On Wednesday, Loretta E. Lynch (pictured), the nominee to replace outgoing U.S. Attorney General Eric Holder, defended the legality of President Barack Obama’s immigration policy at the start of a confirmation hearing, where the new Republican-controlled
Senate Judiciary Committee pledged to ask tough questions, the New York Times writes.
Republicans have criticized the President’s decision last year to ease the threat of deportation for millions of unauthorized immigrants. Holder approved the legal justification for the policy.
But some Republicans have said Lynch’s views on the subject will determine their votes, so Sen. Charles E. Grassley of Iowa, the new Republican chairman of the committee, began the hearing with the a question about the issue, the Times reports:
Ms. Lynch said she had read the Justice Department’s legal opinions and added, “I don’t see any reason to doubt the reasonableness of those views.”
Ahead of the confirmation hearing, Lynch released a statement Wednesday vowing, among other things, to help ease tensions between law enforcement and some communities.
The pronouncement comes at a time when the nation is reeling from ongoing protests against police violence in the Black community. Lynch, 55, currently serves as U.S. attorney for the Eastern District of New York, which is comprised of Brooklyn, N.Y. The city was rocked recently when a mentally ill man shot and killed two officers in Brooklyn’s Bedford-Stuyvesant neighborhood allegedly out of revenge for the deaths of Eric Garner of Staten Island, N.Y., and Michael Brown, of Ferguson, Mo. — two Black men who died at the hands of White police officers.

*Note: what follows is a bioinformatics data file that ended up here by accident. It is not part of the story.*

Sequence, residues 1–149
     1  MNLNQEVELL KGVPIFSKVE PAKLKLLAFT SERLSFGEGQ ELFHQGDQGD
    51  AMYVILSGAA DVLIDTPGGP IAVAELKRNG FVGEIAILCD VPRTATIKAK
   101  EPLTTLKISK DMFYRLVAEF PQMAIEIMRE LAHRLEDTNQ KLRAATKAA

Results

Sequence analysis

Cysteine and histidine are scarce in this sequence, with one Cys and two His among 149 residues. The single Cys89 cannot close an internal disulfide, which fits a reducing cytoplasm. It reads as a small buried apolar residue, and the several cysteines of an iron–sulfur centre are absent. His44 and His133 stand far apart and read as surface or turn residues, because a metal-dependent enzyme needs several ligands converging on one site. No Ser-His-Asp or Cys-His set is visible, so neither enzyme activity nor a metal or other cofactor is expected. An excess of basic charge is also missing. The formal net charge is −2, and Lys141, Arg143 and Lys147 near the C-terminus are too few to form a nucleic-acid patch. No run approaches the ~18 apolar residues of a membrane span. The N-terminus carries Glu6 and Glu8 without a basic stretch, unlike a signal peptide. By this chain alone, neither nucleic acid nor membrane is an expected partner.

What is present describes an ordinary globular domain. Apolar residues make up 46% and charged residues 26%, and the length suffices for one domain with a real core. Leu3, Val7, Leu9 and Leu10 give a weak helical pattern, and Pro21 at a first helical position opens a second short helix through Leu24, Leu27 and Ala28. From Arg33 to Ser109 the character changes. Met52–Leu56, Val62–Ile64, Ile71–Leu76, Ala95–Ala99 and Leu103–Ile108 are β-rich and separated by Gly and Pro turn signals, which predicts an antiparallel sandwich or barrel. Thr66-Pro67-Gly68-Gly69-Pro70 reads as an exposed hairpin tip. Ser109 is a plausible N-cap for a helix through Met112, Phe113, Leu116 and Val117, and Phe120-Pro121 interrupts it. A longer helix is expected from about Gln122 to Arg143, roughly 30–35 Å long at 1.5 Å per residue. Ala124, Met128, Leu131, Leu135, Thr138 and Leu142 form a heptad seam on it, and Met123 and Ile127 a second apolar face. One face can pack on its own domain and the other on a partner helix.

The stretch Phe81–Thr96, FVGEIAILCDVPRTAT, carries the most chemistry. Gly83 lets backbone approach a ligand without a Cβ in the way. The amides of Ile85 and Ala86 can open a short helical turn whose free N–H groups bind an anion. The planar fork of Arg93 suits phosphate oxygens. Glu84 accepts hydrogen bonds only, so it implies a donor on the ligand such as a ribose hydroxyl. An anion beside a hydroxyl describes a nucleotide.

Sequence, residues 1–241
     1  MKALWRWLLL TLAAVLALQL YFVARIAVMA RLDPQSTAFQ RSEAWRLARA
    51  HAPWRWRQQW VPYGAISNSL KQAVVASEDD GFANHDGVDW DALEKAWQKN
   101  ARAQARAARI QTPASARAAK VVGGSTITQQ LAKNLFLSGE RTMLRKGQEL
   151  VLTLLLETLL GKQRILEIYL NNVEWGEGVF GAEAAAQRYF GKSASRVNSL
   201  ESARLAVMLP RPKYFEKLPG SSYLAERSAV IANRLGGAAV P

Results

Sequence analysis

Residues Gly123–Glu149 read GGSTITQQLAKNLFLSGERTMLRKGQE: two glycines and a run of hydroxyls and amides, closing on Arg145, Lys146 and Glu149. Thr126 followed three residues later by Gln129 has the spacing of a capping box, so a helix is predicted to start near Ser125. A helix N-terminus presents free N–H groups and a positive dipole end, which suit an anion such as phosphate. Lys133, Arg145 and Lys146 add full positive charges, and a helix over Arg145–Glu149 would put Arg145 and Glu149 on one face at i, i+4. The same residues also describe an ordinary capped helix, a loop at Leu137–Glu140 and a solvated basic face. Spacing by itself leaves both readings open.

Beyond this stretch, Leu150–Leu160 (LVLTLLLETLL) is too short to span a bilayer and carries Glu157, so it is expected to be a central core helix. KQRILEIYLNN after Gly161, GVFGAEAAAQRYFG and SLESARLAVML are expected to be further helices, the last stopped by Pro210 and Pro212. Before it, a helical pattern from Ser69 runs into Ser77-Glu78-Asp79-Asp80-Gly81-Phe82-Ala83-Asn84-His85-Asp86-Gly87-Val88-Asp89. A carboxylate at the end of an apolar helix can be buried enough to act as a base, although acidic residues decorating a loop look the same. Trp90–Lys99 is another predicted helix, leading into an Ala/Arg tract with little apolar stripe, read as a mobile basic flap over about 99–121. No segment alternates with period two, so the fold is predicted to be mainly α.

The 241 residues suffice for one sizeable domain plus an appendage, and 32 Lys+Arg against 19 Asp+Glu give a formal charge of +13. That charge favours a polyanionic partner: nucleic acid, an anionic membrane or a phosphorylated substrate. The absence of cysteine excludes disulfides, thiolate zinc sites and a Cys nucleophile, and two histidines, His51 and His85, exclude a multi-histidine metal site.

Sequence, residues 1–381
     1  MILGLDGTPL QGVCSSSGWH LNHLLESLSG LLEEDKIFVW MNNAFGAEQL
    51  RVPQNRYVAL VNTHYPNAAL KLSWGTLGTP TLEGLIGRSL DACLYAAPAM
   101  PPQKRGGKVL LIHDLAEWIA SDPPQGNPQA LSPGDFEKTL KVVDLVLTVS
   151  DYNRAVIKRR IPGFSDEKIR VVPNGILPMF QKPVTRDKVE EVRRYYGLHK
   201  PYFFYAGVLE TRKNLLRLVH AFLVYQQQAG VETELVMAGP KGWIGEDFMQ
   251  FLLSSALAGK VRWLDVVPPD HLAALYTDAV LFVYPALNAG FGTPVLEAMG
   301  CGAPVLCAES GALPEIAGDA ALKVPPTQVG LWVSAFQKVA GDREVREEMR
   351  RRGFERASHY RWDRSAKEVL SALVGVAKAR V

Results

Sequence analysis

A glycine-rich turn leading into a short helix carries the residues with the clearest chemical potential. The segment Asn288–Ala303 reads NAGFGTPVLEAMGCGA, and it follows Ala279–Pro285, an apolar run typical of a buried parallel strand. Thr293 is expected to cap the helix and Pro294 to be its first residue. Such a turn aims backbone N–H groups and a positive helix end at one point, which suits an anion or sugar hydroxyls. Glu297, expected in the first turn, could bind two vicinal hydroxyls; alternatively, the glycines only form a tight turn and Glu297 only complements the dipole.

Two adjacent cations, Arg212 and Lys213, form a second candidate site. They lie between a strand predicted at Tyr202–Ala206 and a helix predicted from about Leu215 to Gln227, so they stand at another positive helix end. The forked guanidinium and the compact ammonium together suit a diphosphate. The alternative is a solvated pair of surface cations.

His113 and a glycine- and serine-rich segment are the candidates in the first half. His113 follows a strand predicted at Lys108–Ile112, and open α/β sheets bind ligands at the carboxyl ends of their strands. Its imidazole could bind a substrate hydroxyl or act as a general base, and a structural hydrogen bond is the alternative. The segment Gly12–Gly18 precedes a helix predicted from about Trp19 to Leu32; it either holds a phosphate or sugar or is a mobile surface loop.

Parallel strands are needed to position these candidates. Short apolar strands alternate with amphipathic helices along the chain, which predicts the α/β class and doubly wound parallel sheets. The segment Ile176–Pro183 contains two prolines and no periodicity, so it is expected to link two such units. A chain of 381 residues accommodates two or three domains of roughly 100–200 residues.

“Few things have pained me more than the recent reports of tension and division between law enforcement and the communities we serve,” she said in the prepared statement. “If confirmed as attorney general, one of my key priorities would be to work to strengthen the vital relationships between our courageous law enforcement personnel and all the communities we serve. In my career, I have seen this relationship flourish – I have seen law enforcement forge unbreakable bonds with community residents and have seen violence-ravaged communities come together to honor officers who risked all to protect them. As attorney general, I will draw all voices into this important discussion.”
Lynch’s wide-ranging statement also addressed crime and abuse, cybercrime, and terrorism. She said her office has tried more terrorism cases than any other office in the nation. If confirmed after the two-day Senate Judiciary Committee hearing, she would become the first African-American woman nominated as attorney general.
“We have investigated and prosecuted terrorist individuals and groups that threaten our nation and its people—including those who have plotted to attack New York city’s subway system, JFK airport, the Federal Reserve Bank of New York, and U.S. troops stationed abroad, as well as those who have provided material support to foreign terrorist organizations,” she writes.
She also pledged to work with both sides of the aisle to promote bipartisanship:
“I look forward to fostering a new and improved relationship with this committee, the United States Senate, and the entire United States Congress—a relationship based on mutual respect and Constitutional balance,” she said. “Ultimately, I know we all share the same goal and commitment: to protect and serve the American people.”
She was accompanied to the hearing by her husband, Stephen Hargrove; her father, the Rev. Lorenzo Lynch; her brother, the Rev. Leonzo Lynch, and his wife, NiCole, as well as several other family members. Her mother, Lorine, who was unable to travel, is a retired English teacher and librarian. She also paid tribute to her family in the statement.
“I owe much to those who have worked to make its promise real for all Americans, beginning with my own family,” she writes. “All of them—and so many others—have supported me on the path that has brought me to this moment, not only through their unwavering love and support, but through their shining examples, and the values that shaped my upbringing.”
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